Albuquerque Being Touted Nationally as a Role Model for Helping the Homeless, so why are there Panhandlers on Every Other Street Corner?

By Jeremy Reynalds, Ph.D.

Founder and CEO

Joy Junction Inc.

"There's a Better Way" van is hitting Albuquerque streets.

“There’s a Better Way” van hits Albuquerque streets two days a week.

It’s been about 15 months since blue signs sprouted like mushrooms all over Albuquerque encouraging people to call 311 instead of giving to panhandlers.

By so doing, those with a heart to help were told they could donate to local food banks, and the homeless or hungry unaware of local services would be informed where they could find food or shelter.

As a result of city touted success from this initiative, you can now see “There’s a Better Way” van on Albuquerque streets.

panhandle van 2

Joy Junction 2015 file picture, but situation hasn’t changed.

In partnership with a local non profit, the van currently circulates two days a week throughout the city and offer panhandlers a job for the day. It transports individuals to a job site under the supervision of the City of Albuquerque Solid Waste Department, to do work such as landscape beautification.

At the end of the workday, the city continued, workers receive their pay from St. Martin’s and are transported back to St. Martin’s “so they can get connected with an emergency shelter to house them overnight as needed or available.”

That’s if they can find the van, or the van can find them. In a recent local story, Albuquerque Mayor R. J. Berry suggested that the homeless call 311 to coordinate a pickup. 

Okay, that sounds good, but there are some real problems with the initiative as a whole. Firstly, outside calling 311 for a pickup, those dialing 311 for help.

Of all those who called, I can’t help but wonder how many were referred to agencies that were either closed or not equipped to meet their needs.

That was a common occurrence when earlier in 2015, I had some of my staff go “undercover,” and pose as homeless people needing help.

In addition, let’s not forget that the 311 service is only open from 6am to 9pm six days a week, and not available for calls relating to homelessness on Sunday. That lack of 24/7 service is not something mentioned on those blue signs. In 2015, when asked by a reporter for KOAT what people should do after hours, the city reportedly said to call the non-emergency number for the police, 242-COPS. panhandle van 3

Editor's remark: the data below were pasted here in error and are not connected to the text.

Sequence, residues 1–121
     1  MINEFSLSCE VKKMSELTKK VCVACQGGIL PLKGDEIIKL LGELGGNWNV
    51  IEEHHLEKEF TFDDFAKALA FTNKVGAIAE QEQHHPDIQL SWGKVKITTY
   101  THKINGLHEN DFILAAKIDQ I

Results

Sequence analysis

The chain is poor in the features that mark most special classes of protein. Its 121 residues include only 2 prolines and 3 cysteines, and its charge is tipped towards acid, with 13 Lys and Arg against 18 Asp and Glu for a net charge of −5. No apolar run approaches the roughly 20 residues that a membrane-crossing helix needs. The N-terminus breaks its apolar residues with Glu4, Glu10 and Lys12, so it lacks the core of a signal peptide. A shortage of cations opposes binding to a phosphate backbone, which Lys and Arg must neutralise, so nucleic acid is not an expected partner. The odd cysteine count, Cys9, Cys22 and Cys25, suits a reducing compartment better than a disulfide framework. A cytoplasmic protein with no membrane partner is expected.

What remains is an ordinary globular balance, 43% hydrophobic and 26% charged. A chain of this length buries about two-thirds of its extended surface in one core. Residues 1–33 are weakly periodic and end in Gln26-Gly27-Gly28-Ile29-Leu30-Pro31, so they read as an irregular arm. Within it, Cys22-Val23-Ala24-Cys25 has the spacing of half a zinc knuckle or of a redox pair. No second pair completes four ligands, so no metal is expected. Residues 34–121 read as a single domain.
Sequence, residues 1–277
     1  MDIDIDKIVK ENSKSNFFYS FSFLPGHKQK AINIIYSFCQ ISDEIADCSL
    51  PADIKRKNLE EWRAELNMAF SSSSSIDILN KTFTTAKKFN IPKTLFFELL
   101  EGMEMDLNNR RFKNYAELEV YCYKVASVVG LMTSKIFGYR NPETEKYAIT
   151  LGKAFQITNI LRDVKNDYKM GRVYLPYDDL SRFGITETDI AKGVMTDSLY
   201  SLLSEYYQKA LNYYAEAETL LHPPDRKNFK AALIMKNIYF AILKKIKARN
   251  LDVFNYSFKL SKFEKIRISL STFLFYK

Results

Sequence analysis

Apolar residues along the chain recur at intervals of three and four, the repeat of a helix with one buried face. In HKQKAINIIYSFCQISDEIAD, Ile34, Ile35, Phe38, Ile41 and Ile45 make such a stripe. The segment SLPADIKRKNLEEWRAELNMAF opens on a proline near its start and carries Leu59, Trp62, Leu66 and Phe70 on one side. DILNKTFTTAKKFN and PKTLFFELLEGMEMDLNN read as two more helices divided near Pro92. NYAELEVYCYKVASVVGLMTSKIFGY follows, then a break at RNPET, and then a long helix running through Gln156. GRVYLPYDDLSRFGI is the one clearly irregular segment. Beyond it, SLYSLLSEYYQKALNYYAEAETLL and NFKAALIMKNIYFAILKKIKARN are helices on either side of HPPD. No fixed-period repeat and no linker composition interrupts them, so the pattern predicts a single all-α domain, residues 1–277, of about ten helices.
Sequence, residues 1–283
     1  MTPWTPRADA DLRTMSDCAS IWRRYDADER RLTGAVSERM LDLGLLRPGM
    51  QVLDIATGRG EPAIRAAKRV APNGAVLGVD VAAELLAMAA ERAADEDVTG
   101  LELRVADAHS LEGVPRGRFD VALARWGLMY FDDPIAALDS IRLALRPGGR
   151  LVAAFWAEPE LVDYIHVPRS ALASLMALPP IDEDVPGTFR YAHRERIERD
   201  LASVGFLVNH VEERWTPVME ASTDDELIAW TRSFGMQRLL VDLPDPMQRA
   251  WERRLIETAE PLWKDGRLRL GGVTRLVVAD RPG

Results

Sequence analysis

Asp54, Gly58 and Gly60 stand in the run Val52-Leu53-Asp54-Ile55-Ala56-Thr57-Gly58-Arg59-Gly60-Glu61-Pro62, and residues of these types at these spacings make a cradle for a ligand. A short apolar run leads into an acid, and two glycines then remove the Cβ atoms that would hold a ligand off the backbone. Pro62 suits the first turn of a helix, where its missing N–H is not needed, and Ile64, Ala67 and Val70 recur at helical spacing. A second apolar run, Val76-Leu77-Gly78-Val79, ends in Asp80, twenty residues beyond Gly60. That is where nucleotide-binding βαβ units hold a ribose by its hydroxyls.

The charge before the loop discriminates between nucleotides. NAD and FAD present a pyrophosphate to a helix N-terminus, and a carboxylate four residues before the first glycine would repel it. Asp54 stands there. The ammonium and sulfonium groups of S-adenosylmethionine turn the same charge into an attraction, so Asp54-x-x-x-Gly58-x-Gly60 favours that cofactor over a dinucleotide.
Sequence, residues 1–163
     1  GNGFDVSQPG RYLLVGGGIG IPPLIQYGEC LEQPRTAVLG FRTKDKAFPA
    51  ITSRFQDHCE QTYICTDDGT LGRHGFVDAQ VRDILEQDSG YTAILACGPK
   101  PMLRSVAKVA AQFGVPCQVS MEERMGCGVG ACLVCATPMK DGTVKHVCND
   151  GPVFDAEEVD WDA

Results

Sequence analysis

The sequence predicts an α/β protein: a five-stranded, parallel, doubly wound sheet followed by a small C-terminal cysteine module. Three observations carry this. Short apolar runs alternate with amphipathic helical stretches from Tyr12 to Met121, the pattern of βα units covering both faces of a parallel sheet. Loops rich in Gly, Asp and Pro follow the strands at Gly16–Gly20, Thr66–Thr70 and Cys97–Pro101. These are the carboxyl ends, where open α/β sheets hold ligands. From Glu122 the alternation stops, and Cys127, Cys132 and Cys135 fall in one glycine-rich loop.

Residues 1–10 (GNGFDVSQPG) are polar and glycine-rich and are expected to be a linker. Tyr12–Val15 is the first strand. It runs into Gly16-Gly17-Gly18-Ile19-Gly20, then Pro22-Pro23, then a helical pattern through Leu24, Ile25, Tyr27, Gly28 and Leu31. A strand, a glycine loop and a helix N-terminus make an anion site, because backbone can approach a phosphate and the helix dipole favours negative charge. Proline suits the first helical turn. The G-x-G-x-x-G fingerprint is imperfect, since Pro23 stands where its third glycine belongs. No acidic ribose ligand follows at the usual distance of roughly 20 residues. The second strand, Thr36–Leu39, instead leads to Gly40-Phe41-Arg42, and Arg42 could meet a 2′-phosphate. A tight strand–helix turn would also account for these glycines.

Yeah, let’s call our already overworked and troubled police department and bog the system down with more calls. Last time I had to call the non emergency issue for a personal issue a few weeks ago I was put (briefly) on hold. They’re busy!

Wouldn’t it have just been easier (and more honest) to put the hours of operation on the sign?

Now, I have no problem admitting that giving a job for the day to a few panhandlers willing and able to work is (potentially) a great idea. However, I do have still unanswered questions-which city administration has repeatedly failed to address-about liability issues if one of those individuals working for a day commits some sort of offence. Who ends up paying?

But let’s not pretend that this small program is an example for the nation, and that Albuquerque has gotten it together when it comes to panhandling and housing the homeless.

Sadly, that’s the impression given by some national media whose stories mostly relying on Albuquerque Mayor R. J. Berry’s “spin”  have been picked up by many other regional and local publications.

Happily, Albuquerque NBC affiliate KOB’s Danielle Todesco took a much more credible and realistic look  at the issue, pointing out that when thinking about the blue call 311 signs, there’s a certain irony about city panhandlers standing under them as a place to ask for help. I’m hoping (but not holding my breath) for national media to call Todesco, so they can get (as Paul Harvey used to say, “the rest of the story.” Let’s not forget in the mayor’s rush to rid the city of panhandlers that a number of those so doing have mental health issues, PTSD, felony backgrounds,  and other challenges. They panhandle for a few hours, and at times and on days when they feel emotionally equipped to face (at least to some extent) some of the daily rigors of living.

Some individuals will always be dependent on the largesse of others, and we as a community have a moral and societal obligation to assist them. If people stop giving donations to them, how will they survive?

It’s a well known fact that many homeless adults have physical and other types of disabilities. According to one site,  almost half (46 percent) reported chronic physical conditions.

Problems with alcohol, drugs, and mental health among homeless people are well documented and often occur together. Among adults using homeless services, 31 percent reported a combination of mental health and substance abuse problems (alcohol and/or drugs) within the past year.

An additional 17 percent reported problems with drugs and/or alcohol problems, but no mental health problems.

In addition, according to the same source, 12 percent reported only problems with alcohol, and 15 percent reported only mental health problems. Only one in four homeless adults did not report any mental health or substance abuse problems during the past year.

As politicians try to rid our city of panhandlers, let’s remember these interesting little nuggets of information. To do so may be discomforting, but for the sake of honesty, reality and our city’s collective humanity it’s a more important fact for us to remember than calling 311.